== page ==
Binge-Worthy #2: Candy Mountain (Robert Frank, 1987)

Candy Mountain, a low-budget independent feature from the mid-1980s that Robert Frank co-directed, easily ranks among his most significant filmmaking achievements. It’s a deeply personal work etched with social commentary that drives home just how much, in the wake of The Americans, Frank strove to distance himself from that career-defining body of work. It’s also his most mainstream project, and one that he ultimately deemed a failure.

Book Review: Palante: Young Lords Party by Michael Abramson with the Young Lords Party

Inspired by the Black Panthers, the Young Lords Party was an organization of Puerto Rican activists and community organizers, many of whom were first-generation college students at the time. The movement’s heyday lasted a little under two years, from 1969 to 1971. During that time, its members were on the frontlines of the struggle for social, racial, and economic justice.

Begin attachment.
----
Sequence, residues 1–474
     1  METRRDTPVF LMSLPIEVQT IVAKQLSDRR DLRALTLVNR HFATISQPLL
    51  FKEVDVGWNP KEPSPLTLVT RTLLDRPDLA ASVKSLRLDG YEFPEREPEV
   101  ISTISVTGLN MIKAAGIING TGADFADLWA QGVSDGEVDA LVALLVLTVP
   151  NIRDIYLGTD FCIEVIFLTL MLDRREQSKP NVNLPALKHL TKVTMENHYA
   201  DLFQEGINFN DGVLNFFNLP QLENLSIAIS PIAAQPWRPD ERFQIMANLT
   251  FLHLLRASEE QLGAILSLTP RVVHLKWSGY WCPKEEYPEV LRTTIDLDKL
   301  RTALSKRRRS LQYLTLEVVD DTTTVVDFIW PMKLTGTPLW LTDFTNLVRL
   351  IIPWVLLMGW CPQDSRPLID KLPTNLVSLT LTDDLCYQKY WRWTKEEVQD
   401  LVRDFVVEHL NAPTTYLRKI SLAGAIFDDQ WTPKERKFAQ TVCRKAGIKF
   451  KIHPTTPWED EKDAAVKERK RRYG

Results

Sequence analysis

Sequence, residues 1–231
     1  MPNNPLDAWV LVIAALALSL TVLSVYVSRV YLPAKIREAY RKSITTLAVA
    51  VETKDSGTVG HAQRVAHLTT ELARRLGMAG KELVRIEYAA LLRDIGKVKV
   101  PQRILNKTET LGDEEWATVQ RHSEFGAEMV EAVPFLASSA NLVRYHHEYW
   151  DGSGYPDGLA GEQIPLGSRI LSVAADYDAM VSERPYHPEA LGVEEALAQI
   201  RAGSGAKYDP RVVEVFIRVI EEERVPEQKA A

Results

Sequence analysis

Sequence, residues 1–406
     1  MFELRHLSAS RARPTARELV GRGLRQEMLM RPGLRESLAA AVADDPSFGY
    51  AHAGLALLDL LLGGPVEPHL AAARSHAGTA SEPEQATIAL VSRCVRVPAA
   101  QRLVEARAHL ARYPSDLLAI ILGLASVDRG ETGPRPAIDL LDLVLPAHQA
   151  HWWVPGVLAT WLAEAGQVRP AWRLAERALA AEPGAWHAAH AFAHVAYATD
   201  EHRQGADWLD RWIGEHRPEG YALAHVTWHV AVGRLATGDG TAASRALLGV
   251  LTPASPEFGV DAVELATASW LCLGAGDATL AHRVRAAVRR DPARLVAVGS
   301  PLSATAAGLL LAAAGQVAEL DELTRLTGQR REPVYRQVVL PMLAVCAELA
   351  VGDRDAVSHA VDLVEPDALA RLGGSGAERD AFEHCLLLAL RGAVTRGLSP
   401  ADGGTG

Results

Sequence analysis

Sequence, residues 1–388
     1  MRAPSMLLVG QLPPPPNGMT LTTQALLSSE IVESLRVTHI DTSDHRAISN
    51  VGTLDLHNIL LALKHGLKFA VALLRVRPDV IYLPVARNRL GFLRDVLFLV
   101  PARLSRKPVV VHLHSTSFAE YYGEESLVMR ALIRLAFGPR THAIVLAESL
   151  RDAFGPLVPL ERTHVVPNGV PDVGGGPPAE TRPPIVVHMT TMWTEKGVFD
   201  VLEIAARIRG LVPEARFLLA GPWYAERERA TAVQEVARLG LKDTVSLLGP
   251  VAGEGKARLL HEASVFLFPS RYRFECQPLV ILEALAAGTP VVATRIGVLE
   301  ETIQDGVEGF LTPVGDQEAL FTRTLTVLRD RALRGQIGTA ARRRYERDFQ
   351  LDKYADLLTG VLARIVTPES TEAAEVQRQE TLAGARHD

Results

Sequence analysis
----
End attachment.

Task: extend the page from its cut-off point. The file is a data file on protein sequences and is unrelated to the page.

Binge-Worthy #1: Manhatta (Paul Strand and Charles Sheeler, 1921)

A semi-forgotten gem that MoMA cites as the first American avant-garde film, Manhatta was co-directed by Paul Strand, one of the most influential photographers of the early 20th Century. His co-director was the highly accomplished Charles Sheeler, a classically trained painter and self-taught photographer who came up with the initial concept for the film.

Book Review: Photography Until Now by John Szarkowski

Photography Until Now traces a path through the first 150 years of photography. The book, which blends history and criticism in insightful ways, is a sort of companion piece to Beaumont Newhall’s landmark 1937 MoMA exhibition and accompanying book The History of Photography.